2. Yes, that is true, but as I tell people the Chinese tend to pick & choose about who is considered a "foreigner". They say Kublai was the only foreigner to ever conquer China, when the Manchus are brought up, with great Sino-pride they affirm that the Manchus are Chinese and thus not foreigners. Of course, when they wanted to overthrow the Qing it was convenient to label the Manchus as foreigners again but then when the Empire of Manchukuo was created they suddenly became Chinese again. So, maybe to have been more accurate I should have said that Kublai is the only foreigner to conquer all of China -according to the Chinese.

  3. Touché.
    A couples years back, I don't know for what purpose exactly (either to get sympathy from mongolian people in inner mongolia or to claim outer mongolia (republic of mongolia)) the prc govenment even stated that the great Genghis Khan was a chinese.
    Being inconsistent and opportunistic rats are apparently part of common republicans trait there.

  4. True, and you will see more on this subject in the future on a Monarchist Destinations post. They are trying to claim Genghis Khan as their own and if you get a proud Chinaman talking long enough (and knock back a few) and they will admit that once Taiwan is delt with Outer Mongolia will be next as they still view it as "rightfully" their own

  5. Absurd.
    Tibet, Manchuria, Mongolia, and other "colonial territories" relationship with China were never beyond personal union. There never a state union between them and China. The Emperor of China acted as the Emperor of Mongolia, Manchuria, Grand patron of Tibetan Buddhism, protector of Muslim, etc. These territories were even managed separately from the 18 Chinese provinces. (http://en.wikipedia.org/wiki/Ching_dynasty#Administrative_divisions and http://en.wikipedia.org/wiki/Court_of_Colonial_Affairs )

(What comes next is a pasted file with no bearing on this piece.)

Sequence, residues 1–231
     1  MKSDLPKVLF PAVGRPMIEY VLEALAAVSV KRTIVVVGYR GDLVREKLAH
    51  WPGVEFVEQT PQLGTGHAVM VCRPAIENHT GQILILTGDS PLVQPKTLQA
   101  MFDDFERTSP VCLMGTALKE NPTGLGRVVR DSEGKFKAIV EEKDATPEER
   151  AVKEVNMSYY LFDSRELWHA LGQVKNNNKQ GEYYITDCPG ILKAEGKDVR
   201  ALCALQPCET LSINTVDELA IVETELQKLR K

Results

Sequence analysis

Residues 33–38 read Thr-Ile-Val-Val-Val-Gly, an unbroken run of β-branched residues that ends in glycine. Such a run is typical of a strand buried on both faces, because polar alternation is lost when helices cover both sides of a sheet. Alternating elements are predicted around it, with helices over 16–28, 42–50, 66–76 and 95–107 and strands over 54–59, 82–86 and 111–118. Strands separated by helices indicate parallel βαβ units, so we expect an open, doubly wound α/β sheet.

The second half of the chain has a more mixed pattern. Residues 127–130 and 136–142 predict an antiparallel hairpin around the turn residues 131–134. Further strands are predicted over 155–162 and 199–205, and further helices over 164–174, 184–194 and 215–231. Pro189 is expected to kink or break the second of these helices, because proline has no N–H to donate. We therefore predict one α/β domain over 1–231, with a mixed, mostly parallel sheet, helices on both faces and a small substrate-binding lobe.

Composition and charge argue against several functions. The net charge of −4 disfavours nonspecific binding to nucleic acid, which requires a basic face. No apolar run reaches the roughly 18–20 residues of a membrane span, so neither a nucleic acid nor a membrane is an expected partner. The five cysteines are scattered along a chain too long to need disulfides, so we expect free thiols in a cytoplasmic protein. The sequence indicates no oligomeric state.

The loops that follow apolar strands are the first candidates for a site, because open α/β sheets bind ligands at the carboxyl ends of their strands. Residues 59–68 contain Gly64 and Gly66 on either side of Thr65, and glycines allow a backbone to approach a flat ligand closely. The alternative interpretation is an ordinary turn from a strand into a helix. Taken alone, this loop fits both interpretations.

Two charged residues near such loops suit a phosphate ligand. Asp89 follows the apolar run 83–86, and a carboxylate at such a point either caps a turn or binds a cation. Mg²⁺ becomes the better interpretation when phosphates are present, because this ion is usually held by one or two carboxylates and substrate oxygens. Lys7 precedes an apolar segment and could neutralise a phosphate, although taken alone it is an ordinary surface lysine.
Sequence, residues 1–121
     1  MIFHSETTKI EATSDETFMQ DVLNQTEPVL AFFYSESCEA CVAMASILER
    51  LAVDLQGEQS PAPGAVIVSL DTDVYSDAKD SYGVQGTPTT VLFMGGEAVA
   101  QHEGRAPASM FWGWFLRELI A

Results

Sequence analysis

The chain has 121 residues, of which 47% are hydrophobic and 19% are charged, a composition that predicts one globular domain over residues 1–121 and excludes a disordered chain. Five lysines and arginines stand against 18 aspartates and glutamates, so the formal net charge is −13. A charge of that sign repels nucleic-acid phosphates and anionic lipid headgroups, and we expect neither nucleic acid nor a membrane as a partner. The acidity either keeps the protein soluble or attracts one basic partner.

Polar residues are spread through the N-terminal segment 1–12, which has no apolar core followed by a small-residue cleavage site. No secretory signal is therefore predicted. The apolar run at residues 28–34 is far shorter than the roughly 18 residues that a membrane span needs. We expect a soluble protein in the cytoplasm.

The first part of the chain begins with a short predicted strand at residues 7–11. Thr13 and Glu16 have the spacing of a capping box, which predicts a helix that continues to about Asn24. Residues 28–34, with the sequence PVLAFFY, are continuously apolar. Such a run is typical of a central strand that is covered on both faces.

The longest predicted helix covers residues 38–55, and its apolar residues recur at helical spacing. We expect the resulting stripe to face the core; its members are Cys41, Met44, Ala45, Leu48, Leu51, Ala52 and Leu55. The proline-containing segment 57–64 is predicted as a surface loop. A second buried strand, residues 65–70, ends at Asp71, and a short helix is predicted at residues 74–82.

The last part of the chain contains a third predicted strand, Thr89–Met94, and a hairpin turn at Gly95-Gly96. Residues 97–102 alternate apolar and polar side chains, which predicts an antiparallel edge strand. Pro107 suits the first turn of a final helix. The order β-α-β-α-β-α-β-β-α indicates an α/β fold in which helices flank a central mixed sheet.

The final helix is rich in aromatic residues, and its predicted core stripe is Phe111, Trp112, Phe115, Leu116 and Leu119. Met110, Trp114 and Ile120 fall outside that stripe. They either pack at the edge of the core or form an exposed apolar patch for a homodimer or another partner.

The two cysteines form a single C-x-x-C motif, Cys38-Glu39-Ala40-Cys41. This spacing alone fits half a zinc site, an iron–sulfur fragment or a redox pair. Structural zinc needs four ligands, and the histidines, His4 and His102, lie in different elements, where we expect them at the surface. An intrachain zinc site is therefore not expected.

So, politically with the disgusting xinhai revolution, the new Chinese republic has no claim what so ever over these territories, because their loyalty were to the Emperor of China alone and not to the Chinese state and government.
    We can find a similar events in UK in two occasions:
    1) Crown Dependencies’s loyalty is to the Monarch of Great Britain and Northern Ireland, not to the state.
    2) The Kingdom of Scotland’s loyalty before the act of union was to the Stuart Monarchs, not to the Kingdom of England).

  6. Exactly, which is why when the Qing fell the Dalai Lama in Tibet and the Bogd Khan in Mongolia basically said, "all deals are off". It is also on display when considering how Tibet and Mongolia were governed, which was by their local rulers rather than directly from Peking. The Red Chinese today have basically taken the position to such lengths that by the same standard that they claim Tibet and Mongolia to be "integral parts of China" could be used to describe Korea, Vietnam and so on. Again, it is an example of the communist Chinese using different standards and definitions at different times to serve their own interests.